Killer app?

Much is being about the problems with the new maps issue on iOS 6. The best piece I’ve seen so far is this one on The Verge. The key angle to this story, the one that might resonant with customers, is this: “Apple’s decision to swap out Google Maps is a rare example of the company openly placing its own interests above those of its customers,” write Nilay Patel and Adi Robertson.

I’m not sure how rare that is, but anyway. I don’t expect to see anyone getting out of line at the Apple store just because the maps app has some flaws.

But the Mapocalypse does raise a question: If the new maps app is truly this bad, how come none of those glowing first-round reviews made any mention of this fact? Thousands of words were devoted to the thinness, the lightness, the wonderful way it feels when you hold it in your hand, but there was hardly a quibble about maps.

Mossberg did the best job of covering his ass, writing that maps was the “biggest drawback” and “in other ways a step backward” — but he also pointed out that the new maps app “has one big advantage” over its predecessor, meaning turn-by-turn navigation.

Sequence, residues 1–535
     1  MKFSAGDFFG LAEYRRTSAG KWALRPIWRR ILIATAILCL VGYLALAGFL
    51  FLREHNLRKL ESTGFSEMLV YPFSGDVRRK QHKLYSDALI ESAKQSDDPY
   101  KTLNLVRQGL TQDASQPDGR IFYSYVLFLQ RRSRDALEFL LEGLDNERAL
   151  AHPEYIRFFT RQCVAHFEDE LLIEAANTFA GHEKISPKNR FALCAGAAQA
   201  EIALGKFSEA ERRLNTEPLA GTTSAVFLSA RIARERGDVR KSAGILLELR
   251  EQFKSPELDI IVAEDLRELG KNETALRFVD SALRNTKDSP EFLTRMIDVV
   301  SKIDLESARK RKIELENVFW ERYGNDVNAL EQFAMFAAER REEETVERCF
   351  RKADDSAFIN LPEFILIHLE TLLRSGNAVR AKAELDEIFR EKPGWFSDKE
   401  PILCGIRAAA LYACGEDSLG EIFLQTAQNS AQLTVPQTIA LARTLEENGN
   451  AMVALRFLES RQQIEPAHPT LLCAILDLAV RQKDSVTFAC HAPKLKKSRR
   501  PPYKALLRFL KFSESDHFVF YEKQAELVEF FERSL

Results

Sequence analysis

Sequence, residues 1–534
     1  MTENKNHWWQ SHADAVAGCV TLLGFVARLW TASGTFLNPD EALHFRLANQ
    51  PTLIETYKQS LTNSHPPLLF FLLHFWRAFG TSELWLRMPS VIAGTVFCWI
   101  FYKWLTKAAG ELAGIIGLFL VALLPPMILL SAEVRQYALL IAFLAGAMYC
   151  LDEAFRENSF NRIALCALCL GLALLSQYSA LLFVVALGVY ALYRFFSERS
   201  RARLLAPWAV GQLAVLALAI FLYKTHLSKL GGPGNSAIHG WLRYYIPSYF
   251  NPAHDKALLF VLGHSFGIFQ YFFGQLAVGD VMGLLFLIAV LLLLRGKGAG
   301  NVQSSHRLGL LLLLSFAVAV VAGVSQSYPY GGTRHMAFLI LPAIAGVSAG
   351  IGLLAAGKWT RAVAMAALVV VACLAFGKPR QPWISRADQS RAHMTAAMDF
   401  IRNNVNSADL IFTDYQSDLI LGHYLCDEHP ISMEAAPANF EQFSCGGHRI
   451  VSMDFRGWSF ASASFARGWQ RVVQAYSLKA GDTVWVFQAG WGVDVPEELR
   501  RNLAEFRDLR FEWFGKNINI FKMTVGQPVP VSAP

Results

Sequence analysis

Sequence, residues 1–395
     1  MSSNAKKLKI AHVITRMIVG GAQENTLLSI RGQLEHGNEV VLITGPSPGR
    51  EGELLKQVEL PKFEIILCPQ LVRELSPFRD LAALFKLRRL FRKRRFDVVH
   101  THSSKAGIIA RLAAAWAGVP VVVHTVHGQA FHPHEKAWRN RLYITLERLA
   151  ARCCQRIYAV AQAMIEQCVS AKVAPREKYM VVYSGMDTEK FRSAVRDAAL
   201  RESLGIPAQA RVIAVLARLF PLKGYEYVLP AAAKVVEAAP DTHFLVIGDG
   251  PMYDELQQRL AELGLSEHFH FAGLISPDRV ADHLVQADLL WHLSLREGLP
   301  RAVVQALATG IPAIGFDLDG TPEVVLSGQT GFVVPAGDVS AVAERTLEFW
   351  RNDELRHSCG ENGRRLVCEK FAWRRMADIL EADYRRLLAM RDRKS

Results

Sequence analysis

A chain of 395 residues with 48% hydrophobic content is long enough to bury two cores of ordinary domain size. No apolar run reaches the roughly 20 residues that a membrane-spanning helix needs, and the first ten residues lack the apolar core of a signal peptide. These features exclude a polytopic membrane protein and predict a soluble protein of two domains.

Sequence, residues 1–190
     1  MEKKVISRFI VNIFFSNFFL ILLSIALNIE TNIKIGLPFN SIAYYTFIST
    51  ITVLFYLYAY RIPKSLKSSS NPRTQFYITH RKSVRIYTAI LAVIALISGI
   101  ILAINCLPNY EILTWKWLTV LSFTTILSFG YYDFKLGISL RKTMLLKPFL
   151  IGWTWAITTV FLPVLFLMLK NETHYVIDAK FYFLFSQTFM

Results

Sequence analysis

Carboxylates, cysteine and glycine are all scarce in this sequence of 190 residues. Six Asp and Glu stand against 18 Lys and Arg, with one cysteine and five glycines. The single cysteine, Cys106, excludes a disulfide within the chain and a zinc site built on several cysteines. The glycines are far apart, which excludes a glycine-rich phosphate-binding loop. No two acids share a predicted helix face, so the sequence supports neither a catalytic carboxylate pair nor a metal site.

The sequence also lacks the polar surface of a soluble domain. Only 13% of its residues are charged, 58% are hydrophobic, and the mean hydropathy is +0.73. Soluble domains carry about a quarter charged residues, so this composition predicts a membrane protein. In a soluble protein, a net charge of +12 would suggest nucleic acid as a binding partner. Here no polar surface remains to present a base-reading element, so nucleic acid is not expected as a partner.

Scott Stein of CNET also quibbled a bit wasn’t too upset, saying, “Odds are, you’ll own a couple of maps apps and swap back and forth.”

Pogue called the new maps app one of the “chief attractions” of the new iOS.

MG Siegler of TechCrunch wrote, “Testing the maps these last few days, I’ve come away impressed.”

Jim Dalrymple of Loop Insight wrote, “I really should mention Maps, Apple’s new turn-by-turn direction app on the iPhone. I love it. I used in Cupertino and I used it at home — it worked equally well in both places.”

Ed Baig of USA Today touted the new turn-by-turn navigation, saying “Apple has generally done a very good job with its own turn-by-turn feature,” and made no mention of any problems with maps.

Gruber’s review ran several thousand words but made no mention of maps at all. (Though yesterday, after people started howling, Gruber conceded that, ahem, the new maps app is “a downgrade.”

This is weird, isn’t it? How could all of these top reviewers have early access to the device, test it thoroughly, and not notice anything wrong with the maps app?

I’m sure there’s a good explanation.